Sanders and Mnuchin clash over Glass-Steagall

Sanders and Mnuchin clash over Glass-Steagall
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Treasury Secretary Steven Mnuchin and liberal Vermont Senator Bernie SandersBernard (Bernie) SandersSanders campaign reports raising M in less than a day The Memo: Bernie Sanders’s WH launch sharpens ‘socialist’ question Gillibrand uses Trump Jr. tweet to fundraise MORE (I) engaged in a testy exchange over President Donald TrumpDonald John TrumpTrump nominates Jeffrey Rosen to replace Rosenstein at DOJ McCabe says ‘it’s possible’ Trump is a Russian asset McCabe: Trump ‘undermining the role of law enforcement’ MORE’s campaign promise to enact a “21st Century Glass-Steagall Act,” a financial regulation separating commercial and investment banking.

Mnuchin’s first report outlining principles of financial regulation, released Monday, made no mention of an updated version of Glass-Steagall, a 1933 regulation repealed under President Bill ClintonWilliam (Bill) Jefferson ClintonTrump says he never told McCabe his wife was 'a loser' Harris off to best start among Dems in race, say strategists, donors For 2020, Democrats are lookin’ for somebody to love MORE.

Mnuchin told Sanders that there were, essentially, three different “21st Century Glass-Steagall” acts: the one on which Trump campaigned, the one passed in the Republican platform and one in the form of legislation recently introduced by Senators Elizabeth WarrenElizabeth Ann WarrenSanders campaign reports raising M in less than a day The Memo: Bernie Sanders’s WH launch sharpens ‘socialist’ question Gillibrand uses Trump Jr. tweet to fundraise MORE (D-Mass.) and John McCainJohn Sidney McCainMellman: Where are good faith and integrity? GOP senator says Republicans didn't control Senate when they held majority Pence met with silence after mentioning Trump in Munich speech MORE (R-Ariz.).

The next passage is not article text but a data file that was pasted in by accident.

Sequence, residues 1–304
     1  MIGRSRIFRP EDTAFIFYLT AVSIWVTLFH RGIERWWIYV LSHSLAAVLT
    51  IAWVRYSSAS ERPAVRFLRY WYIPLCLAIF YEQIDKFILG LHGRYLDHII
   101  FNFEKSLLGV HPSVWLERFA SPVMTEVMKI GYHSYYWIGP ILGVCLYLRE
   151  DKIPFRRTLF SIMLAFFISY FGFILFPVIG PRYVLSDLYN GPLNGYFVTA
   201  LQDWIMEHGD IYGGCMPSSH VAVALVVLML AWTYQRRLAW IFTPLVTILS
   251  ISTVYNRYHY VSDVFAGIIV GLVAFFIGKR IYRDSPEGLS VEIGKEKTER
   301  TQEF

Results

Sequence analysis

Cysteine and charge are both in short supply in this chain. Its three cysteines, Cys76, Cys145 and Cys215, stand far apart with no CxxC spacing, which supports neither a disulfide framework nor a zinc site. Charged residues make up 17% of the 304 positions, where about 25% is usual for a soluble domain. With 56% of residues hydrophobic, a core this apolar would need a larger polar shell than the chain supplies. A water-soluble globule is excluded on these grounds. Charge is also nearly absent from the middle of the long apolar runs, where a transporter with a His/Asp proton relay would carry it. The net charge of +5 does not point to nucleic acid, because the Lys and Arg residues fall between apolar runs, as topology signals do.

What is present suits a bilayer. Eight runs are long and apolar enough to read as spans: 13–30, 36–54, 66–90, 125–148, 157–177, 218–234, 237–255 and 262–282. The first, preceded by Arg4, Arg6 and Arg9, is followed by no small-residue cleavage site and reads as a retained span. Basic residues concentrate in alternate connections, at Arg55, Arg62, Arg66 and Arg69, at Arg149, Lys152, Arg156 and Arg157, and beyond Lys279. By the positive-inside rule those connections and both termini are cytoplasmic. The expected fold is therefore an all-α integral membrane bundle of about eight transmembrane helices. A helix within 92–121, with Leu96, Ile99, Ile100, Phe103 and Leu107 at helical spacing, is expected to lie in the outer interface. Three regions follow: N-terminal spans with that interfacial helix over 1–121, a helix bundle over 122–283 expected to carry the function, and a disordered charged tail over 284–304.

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“During the campaign, we specifically said that we believed in a 21st-century Glass-Steagall. That was differentiated from what was the Republican Party view of Glass-Steagall,” Mnuchin began before Sanders cut him off.

“Whoa, whoa. Let me get this right. I don't mean to interrupt you, Mr. Mnuchin,” Sanders started in.

“But you are — you are interrupting me. You're not letting me finish my comment,” Mnuchin responded.

“But I have very limited time, and what you're saying is that the language that Trump put into the Republican platform is not really the language that he believed in,” Sanders said.

Mnuchin argued that Trump was not responsible for the language in the Republican party platform and that Trump opposed actions that would break up big banks, as forcing a separation between commercial and investment banking would do.

“We think that that would hurt the economy, that would ruin liquidity in the market. What we are focused on is safe and prudent regulation for the large banks so we don't have taxpayer risk,” Mnuchin said.

When Sanders noted the legislation of the same name, Mnuchin said it was "an unfortunate coincidence."

In May, Warren and Mnuchin had a similar stand-off at a hearing.

"This is like something straight out of George Orwell," Warren said at the time.